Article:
Or more specifically dance. I come from a family of dancers. My grandparents were competition ballroom dancers long before the sport was lampooned by Strictly Ballroom and ballroom dancers achieved the status of minor celebrities as judges on shows like So You Think You Can Dance and Dancing With The Stars.
My mother is also a dancer. She's spent many years teaching people to tango, salsa and do the West Coast Swing (which is its own complete and distinct subgenre).
But am I dancer?
Until a few years ago I would answer that question vehemently in the negative. No. I am not a dancer.
Maybe my rejection of dance has something to do with a basic flaw in my nature. When people tell me to go left, it makes me long to go right. If you tell me what I can't have I only want it more. If you tell me what I should do, I will dismiss it.
Until I get there on my own.
Because recently I've rediscovered the joy that is to be found in dance. And as if that wasn't enough, the ways a body can move and be positioned have seeped into other areas of my life.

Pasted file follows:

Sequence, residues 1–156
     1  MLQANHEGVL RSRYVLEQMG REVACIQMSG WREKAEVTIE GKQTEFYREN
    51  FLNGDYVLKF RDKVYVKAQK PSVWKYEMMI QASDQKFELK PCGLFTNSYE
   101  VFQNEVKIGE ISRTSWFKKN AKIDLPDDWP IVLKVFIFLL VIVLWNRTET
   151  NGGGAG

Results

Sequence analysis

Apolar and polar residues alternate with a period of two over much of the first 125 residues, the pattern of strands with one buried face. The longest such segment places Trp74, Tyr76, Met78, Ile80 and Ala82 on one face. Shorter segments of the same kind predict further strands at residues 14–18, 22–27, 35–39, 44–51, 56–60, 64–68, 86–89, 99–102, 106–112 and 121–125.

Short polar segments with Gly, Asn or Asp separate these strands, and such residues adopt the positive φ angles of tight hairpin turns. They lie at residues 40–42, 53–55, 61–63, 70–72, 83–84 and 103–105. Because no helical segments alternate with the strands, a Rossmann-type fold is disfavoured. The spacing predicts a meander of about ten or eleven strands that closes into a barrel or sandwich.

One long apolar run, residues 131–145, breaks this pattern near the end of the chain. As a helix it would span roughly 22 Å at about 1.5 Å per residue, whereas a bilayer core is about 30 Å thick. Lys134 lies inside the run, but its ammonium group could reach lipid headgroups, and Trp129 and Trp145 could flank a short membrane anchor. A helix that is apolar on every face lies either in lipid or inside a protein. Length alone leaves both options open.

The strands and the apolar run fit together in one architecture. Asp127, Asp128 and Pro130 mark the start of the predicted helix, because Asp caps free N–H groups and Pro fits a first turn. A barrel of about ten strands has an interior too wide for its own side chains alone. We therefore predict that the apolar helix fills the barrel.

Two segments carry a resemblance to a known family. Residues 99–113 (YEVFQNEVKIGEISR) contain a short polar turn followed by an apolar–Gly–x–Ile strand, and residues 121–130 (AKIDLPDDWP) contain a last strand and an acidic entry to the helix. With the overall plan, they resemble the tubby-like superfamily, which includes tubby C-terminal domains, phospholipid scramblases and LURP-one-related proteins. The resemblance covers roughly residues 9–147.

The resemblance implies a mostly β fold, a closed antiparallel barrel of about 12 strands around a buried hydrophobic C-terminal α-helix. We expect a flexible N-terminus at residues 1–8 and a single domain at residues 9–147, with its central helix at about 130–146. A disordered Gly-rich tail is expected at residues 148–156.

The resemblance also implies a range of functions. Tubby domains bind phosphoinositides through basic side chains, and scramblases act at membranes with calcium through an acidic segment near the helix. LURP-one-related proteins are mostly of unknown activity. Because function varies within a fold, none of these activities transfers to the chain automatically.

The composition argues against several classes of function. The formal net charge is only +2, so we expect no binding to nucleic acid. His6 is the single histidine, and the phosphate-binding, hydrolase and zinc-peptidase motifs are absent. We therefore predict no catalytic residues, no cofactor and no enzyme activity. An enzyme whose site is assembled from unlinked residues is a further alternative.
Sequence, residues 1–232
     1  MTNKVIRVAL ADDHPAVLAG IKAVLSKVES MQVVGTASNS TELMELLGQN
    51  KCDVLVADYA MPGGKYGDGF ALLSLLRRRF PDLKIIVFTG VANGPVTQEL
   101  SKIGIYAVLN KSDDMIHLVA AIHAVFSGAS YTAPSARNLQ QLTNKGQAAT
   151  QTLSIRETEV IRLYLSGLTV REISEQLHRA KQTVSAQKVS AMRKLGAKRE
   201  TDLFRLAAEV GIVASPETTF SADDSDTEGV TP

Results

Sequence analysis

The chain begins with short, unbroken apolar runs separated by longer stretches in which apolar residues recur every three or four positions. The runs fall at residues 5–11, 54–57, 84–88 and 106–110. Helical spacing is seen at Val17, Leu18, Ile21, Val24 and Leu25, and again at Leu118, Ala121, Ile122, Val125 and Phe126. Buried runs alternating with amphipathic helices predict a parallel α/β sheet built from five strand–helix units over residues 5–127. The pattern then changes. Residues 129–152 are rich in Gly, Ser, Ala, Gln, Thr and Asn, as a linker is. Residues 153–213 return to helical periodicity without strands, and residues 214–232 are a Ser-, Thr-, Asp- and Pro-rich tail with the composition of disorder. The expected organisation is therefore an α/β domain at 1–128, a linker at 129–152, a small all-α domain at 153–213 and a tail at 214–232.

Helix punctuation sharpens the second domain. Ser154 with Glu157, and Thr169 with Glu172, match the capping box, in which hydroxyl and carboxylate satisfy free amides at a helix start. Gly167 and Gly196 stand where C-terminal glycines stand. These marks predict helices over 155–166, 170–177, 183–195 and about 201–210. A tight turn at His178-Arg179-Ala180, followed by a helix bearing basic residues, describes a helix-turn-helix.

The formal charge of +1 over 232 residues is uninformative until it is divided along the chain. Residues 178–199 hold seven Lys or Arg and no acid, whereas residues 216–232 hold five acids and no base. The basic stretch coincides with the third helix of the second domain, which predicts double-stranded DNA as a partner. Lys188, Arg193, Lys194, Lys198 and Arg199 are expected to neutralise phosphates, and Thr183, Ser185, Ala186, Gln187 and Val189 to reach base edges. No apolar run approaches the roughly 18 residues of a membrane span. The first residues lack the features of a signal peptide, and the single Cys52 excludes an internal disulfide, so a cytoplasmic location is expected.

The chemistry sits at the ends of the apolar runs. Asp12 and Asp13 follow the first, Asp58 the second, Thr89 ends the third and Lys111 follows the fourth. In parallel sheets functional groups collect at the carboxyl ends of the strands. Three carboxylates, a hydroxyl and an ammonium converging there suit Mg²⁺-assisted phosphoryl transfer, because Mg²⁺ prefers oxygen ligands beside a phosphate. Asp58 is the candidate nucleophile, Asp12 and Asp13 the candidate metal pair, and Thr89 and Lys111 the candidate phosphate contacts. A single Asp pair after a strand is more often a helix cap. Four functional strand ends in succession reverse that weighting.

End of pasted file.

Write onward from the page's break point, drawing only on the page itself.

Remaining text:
What is yoga, if not a slow elegant dance? Walking can be lyrical and running provides opportunities to leap over puddles and sashay under low hanging branches.
I'll even admit to pushing aside the coffee table in the living room. The kids and I let loose in after school dance sessions where we move our bodies to the sounds of Pink Martini. There are no technical terms, no discussions of reach or posture but there is an undisputable amount of joy.
My grandfather is no longer alive but I'm quite certain my recent love affair with dance will bring joy to my ninety-two year old grandmother. She's always insisted dance is the key to a happy life. I'm not sure if it's the only key but it definitely has a place on the key chain.